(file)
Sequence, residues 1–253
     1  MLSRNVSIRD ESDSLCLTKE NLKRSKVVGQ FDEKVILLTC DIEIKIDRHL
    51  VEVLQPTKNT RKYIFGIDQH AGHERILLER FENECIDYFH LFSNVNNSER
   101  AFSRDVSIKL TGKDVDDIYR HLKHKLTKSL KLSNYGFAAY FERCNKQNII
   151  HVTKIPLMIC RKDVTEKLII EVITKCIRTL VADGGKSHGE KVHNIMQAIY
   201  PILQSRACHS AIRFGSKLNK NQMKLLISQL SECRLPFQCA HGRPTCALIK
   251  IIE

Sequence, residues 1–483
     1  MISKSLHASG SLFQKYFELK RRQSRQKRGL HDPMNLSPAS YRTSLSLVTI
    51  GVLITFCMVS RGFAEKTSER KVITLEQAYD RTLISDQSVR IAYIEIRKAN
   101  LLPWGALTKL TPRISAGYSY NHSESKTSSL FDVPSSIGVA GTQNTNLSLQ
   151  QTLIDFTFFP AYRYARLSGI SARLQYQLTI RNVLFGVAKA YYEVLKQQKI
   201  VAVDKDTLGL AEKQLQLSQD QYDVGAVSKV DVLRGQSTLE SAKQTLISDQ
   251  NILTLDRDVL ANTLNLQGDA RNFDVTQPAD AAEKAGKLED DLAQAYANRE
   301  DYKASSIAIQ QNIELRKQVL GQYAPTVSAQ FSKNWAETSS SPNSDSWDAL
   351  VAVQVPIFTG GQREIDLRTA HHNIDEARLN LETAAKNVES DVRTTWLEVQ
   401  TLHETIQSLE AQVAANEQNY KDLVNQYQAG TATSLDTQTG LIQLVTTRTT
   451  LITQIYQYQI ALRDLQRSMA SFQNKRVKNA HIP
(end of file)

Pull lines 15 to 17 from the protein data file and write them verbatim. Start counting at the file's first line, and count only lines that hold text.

   301  DYKASSIAIQ QNIELRKQVL GQYAPTVSAQ FSKNWAETSS SPNSDSWDAL
   351  VAVQVPIFTG GQREIDLRTA HHNIDEARLN LETAAKNVES DVRTTWLEVQ
   401  TLHETIQSLE AQVAANEQNY KDLVNQYQAG TATSLDTQTG LIQLVTTRTT